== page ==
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$5.35 per serving
Ready in 20 minutes
Spoonacular Score: 89%
The recipe Korean Quinoa Bowl is ready in roughly 20 minutes and is definitely a tremendous gluten free, dairy free, and vegetarian option for lovers of Korean food. This recipe serves 4. For $5.35 per serving, this recipe covers 39% of your daily requirements of vitamins and minerals. One portion of this dish contains approximately 26g of protein, 27g of fat, and a total of 620 calories. 13 people found this recipe to be yummy and satisfying. Head to the store and pick up tofu, shiitake mushrooms, kimchi, and a few other things to make it today. To use up the juice of lime you could follow this main course with the Cranberry-Orange Juice Slushee as a dessert. A few people really liked this main course. All things considered, we decided this recipe deserves a spoonacular score of 86%. This score is super. Users who liked this recipe also liked Korean Rice Bowl, Korean Beef Bowl, and Korean Beef Rice Bowl.
Read the detailed instructions on Foodnetwork
Although the body needs salt to survive, most of us get too much. The problem with consuming too much salt (what chemists call "sodium chloride") is actually the sodium part, which is why people concerned about high blood pressure go on low-sodium diets. If you are trying to reduce salt in your diet, you can try salt substitutes like potassium chloride or try to make do with less salt by using more black pepper, herbs, and spices.
Sea salt is not healthier than table salt, contrary to what you may have heard. Sea salt is usually 97.5% sodium chloride (same as regular old table salt) and the minerals accounting for the rest are too insignificant to make a difference?unless you plan on consuming sea salt by the pound, in which case the health benefits from the minerals will definitely be outweighed by the negative effects of all the sodium you are consuming!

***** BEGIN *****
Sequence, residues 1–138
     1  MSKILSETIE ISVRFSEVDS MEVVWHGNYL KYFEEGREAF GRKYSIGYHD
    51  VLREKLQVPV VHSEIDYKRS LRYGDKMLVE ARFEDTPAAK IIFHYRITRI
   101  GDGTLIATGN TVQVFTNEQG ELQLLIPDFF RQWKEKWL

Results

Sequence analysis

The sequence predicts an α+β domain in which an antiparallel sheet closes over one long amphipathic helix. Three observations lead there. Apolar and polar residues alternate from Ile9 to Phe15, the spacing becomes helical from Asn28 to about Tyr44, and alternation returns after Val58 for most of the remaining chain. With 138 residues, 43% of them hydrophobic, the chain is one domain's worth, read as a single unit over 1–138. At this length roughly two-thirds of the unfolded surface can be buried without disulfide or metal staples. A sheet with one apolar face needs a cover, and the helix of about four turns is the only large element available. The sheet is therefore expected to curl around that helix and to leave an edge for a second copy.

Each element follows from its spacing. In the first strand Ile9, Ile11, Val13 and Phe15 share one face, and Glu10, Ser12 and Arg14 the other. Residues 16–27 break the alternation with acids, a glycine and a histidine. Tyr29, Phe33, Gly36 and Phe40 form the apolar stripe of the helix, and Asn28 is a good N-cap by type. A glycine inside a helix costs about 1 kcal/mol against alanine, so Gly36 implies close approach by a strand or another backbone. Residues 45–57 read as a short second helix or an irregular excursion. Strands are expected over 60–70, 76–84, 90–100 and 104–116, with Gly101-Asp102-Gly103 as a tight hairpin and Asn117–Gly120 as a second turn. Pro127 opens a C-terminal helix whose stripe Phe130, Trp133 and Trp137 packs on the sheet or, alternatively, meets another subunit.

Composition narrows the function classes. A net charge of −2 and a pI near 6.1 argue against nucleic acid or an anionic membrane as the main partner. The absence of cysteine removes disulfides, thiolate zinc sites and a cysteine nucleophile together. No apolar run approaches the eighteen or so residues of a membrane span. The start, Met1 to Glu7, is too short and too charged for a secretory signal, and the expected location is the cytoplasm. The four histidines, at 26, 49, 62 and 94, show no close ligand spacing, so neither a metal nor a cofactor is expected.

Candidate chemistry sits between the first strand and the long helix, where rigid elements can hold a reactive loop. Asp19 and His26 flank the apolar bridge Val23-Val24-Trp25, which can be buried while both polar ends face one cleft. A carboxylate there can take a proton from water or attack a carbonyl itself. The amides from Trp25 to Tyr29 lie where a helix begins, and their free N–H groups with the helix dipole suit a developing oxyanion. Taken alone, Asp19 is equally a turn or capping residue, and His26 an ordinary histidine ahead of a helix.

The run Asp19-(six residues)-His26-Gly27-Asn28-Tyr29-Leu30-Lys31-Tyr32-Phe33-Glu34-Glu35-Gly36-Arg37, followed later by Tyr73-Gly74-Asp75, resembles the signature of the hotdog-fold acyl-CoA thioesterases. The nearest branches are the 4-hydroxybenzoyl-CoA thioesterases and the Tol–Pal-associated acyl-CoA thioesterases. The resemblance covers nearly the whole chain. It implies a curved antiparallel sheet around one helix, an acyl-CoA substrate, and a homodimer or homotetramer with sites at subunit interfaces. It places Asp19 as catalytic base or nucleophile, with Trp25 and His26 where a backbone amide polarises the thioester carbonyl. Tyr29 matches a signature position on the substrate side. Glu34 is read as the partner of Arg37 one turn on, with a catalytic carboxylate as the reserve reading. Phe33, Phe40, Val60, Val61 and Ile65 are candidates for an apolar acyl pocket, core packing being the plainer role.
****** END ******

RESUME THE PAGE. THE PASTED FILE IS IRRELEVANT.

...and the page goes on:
Be conscious of your choice of cooking oils. Some studies have shown that vegetable oils like safflower oil, sunflower oil, and canola oil might actually contribute to heart disease. Olive oil is a good alternative for low temperature cooking, while coconut oil is a recent favorite for high temperature cooking. Do your research!
Quinoa is super healthy. Read more about its health benefits here.
Sea salt can add a unique texture or provide bursts of salty goodness, but ONLY when it isn't being dissolved. So if you have expensive sea salt, save it for sprinkling on salads or dark chocolate cookies, don't try to use it in your pasta sauce or soup. Once sea salt dissolves, the flavor is indistinguishable from table salt from the shaker (after all, they are chemically the same thing, sodium chloride).
The average fresh lime contains 2 tablespoons of lime juice (just in case you are substituting bottled lime juice).
If you've never made quinoa before, be sure to rinse it well before you prepare it. The easiest way is to put it in a fine-mesh strainer and run water over it from the sink. Skipping this step could result in bitter, even soapy tasting quinoa because quinoa's natural coating tastes pretty bad. Quinoa sold in supermarkets is often pre-rinsed, but its better to be safe than sorry, right?
Seaweed for cooking can be found in Asian markets or on Amazon.
You might have heard that you should never wash mushrooms. Before you spend your precious time wiping down mushroom after mushroom with a towel, you should probably know that this is mostly a myth. While mushrooms can absorb a little water if you soak them long enough, the amount absorbed from a quick wash is not going to have much of an impact on your dish.
Good news for mushroom lovers: according to the Environmental Working Group (EWG), mushrooms are pretty "clean" when it comes to pesticide residue, so you do not have to splurge on extra-expensive organic mushrooms (unless you want to!)